The government should reach out to the unbanked women and young entrepreneurs who are currently facing difficulties as they do not meet the criteria as per the existing guidelines for stimulus package distribution. An ecosystem should be developed for young and women entrepreneurs to support them in entrepreneurship development covering all aspects and dimensions for effective contribution. Engage the various trade bodies at all levels to disburse stimulus packages to the young and women entrepreneurs. Banks and financial institutions need to be advised to form Women Entrepreneurs Development Unit and Dedicated Desk in the regional offices including the head office of banks and financial institutions. We recommend arranging necessary training facilities for women entrepreneurs. Bangladesh Bank has allocated 15 percent of total refinancing scheme for women entrepreneurs.
Can you briefly touch upon the innovations Bangladesh has come up with to combat the climate crisis over the years?
Bangladesh has come up with agro economic interventions to combat the effect of the climate crisis. Supporting circular economic intervention has also been a great initiative. Youth led mitigation and adaptation process, i.e., tree plantation, community mobilization for protection of embankment, supporting the climate resilient sustainable agriculture, etc. are also some of the notable initiatives against climate disaster. However the challenge lies with the private sector especially in the areas of infrastructure development and energy projects that are being rolled out.
Women leadership in emergencies is visible, women are leading on multiple fronts. We find that women are taking on challenges and taking on new occupations. They are trying to be innovative. Women leadership in all aspects of our lives have grown in the last 50 years and organizations like ours find it so true on the grassroots level because we work with communities in the far flung areas in the country. Having said that we continue to struggle with the mindset of the political actors, the practitioners and society itself.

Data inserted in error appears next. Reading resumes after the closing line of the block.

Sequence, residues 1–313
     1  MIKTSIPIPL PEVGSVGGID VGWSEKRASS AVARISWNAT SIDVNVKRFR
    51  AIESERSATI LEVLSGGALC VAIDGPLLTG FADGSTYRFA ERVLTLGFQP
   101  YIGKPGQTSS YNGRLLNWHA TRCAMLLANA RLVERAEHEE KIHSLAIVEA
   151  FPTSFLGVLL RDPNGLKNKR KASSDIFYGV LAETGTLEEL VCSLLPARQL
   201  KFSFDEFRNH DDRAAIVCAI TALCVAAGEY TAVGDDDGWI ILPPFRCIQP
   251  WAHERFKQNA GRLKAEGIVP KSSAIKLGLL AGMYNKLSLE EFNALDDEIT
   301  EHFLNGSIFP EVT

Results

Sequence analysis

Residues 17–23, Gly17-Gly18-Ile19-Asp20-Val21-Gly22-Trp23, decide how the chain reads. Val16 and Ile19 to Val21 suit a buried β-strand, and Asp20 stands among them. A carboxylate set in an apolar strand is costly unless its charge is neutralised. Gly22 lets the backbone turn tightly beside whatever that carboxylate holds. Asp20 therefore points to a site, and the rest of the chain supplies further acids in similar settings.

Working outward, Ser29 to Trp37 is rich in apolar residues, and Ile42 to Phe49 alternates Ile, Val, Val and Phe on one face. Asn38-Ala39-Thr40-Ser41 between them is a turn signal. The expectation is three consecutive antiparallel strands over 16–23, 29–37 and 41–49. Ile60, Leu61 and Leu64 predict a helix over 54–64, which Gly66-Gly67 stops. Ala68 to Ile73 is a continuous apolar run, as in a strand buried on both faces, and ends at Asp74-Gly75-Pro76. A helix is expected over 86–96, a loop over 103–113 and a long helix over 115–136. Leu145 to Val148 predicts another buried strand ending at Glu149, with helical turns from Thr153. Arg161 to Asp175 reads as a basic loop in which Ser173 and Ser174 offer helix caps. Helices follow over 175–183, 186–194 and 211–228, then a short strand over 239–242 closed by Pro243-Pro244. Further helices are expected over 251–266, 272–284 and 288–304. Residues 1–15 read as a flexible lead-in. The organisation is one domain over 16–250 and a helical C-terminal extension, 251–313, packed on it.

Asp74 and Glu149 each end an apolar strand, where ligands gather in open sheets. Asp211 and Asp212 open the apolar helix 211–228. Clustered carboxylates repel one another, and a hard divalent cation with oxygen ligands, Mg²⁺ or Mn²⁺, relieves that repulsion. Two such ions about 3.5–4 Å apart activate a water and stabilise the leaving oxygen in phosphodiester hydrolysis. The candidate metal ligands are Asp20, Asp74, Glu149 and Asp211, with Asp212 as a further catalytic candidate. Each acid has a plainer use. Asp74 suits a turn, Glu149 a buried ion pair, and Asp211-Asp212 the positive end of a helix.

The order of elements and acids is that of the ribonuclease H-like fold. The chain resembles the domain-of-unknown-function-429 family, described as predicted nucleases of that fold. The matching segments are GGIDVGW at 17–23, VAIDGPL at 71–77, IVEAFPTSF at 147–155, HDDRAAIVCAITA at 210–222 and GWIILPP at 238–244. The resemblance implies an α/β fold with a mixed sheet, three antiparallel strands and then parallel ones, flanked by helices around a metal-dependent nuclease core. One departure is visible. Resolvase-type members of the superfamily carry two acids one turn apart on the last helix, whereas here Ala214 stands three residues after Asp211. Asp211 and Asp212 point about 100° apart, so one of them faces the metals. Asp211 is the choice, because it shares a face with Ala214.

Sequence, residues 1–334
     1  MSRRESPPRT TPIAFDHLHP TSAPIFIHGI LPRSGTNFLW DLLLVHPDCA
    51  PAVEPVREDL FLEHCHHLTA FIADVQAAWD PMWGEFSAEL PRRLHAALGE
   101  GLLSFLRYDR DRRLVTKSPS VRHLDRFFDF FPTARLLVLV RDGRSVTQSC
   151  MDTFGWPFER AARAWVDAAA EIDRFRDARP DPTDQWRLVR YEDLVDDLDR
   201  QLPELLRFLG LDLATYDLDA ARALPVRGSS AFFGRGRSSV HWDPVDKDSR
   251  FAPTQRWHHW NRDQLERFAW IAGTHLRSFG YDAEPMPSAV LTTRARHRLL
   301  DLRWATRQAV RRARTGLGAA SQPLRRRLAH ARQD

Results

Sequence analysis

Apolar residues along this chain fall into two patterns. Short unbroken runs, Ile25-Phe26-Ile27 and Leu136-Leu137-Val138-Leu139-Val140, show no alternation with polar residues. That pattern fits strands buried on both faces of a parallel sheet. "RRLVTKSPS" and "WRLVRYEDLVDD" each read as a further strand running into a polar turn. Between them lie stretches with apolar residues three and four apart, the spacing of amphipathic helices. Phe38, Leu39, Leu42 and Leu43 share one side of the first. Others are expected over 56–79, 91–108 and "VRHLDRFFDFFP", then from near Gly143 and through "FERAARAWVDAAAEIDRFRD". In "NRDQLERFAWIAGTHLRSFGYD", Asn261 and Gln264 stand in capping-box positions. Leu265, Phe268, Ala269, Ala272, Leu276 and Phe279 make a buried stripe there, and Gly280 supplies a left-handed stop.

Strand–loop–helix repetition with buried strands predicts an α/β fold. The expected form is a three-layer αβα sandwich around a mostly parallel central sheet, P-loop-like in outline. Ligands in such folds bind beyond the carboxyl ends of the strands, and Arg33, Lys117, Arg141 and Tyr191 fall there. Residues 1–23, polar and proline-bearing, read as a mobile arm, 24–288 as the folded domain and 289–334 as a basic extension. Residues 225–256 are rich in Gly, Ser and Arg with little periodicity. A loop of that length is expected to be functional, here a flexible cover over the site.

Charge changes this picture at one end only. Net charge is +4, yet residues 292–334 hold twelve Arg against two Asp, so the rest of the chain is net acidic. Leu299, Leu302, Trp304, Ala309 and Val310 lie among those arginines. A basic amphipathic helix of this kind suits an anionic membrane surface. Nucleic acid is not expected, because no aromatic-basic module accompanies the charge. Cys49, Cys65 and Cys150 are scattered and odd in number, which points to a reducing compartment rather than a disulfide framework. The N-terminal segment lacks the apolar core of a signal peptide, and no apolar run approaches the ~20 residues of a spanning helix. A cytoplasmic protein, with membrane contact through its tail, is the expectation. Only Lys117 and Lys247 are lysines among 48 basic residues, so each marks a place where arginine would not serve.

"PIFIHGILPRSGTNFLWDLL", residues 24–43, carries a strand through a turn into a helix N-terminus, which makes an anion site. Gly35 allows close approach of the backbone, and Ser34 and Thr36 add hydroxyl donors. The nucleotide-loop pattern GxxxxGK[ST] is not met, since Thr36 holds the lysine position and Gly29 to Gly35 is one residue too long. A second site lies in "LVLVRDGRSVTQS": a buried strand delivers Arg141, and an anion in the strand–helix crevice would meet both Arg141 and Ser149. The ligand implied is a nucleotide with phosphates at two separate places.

On one hand we have so much progress to showcase yet on the other hand we have the patriarchal mindset coupled with the global rise of rightist forces that nurture the concept of power and outright obstruction of women rights refusing to recognise women and girls as humans thereby refusing to acknowledge their contributions, competencies, and abilities.
We see the need for system change whereby institutions will be required to change. Institutions are so embedded in gender discrimination practices that they find it difficult to rise above that. 50 years of independence is being celebrated yet women question whether they are independent and equal citizens of this country?
I celebrate the strides we have made to get where we are today. I celebrate this for women who came before us and for the young women today who are showing their strength and leadership. I believe there’s no stopping us.
It’s the young people, their leadership and their vision of the country and the world that excites me leaving me with hope. I want to see more women leading with a feminist lens in climate justice, equity, rights, and dignity.